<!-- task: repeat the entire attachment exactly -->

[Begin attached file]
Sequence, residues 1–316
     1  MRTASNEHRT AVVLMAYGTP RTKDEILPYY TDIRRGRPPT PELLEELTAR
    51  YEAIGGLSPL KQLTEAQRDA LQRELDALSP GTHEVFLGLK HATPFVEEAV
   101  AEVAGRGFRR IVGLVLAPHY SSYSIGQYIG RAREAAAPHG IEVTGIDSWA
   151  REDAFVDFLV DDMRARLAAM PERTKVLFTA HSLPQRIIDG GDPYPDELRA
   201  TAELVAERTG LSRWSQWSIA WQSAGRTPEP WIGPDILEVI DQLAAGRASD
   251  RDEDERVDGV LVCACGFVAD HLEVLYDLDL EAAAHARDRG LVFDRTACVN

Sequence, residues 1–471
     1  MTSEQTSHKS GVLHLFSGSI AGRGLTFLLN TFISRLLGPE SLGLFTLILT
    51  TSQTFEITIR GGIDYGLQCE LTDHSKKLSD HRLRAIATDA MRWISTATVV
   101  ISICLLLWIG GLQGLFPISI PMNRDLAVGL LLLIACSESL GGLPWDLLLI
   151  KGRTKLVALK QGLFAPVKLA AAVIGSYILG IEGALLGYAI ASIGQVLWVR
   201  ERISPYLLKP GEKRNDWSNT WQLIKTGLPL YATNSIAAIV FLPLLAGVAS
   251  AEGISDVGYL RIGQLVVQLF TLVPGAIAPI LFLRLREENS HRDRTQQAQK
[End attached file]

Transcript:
Sequence, residues 1–316
     1  MRTASNEHRT AVVLMAYGTP RTKDEILPYY TDIRRGRPPT PELLEELTAR
    51  YEAIGGLSPL KQLTEAQRDA LQRELDALSP GTHEVFLGLK HATPFVEEAV
   101  AEVAGRGFRR IVGLVLAPHY SSYSIGQYIG RAREAAAPHG IEVTGIDSWA
   151  REDAFVDFLV DDMRARLAAM PERTKVLFTA HSLPQRIIDG GDPYPDELRA
   201  TAELVAERTG LSRWSQWSIA WQSAGRTPEP WIGPDILEVI DQLAAGRASD
   251  RDEDERVDGV LVCACGFVAD HLEVLYDLDL EAAAHARDRG LVFDRTACVN

Sequence, residues 1–471
     1  MTSEQTSHKS GVLHLFSGSI AGRGLTFLLN TFISRLLGPE SLGLFTLILT
    51  TSQTFEITIR GGIDYGLQCE LTDHSKKLSD HRLRAIATDA MRWISTATVV
   101  ISICLLLWIG GLQGLFPISI PMNRDLAVGL LLLIACSESL GGLPWDLLLI
   151  KGRTKLVALK QGLFAPVKLA AAVIGSYILG IEGALLGYAI ASIGQVLWVR
   201  ERISPYLLKP GEKRNDWSNT WQLIKTGLPL YATNSIAAIV FLPLLAGVAS
   251  AEGISDVGYL RIGQLVVQLF TLVPGAIAPI LFLRLREENS HRDRTQQAQK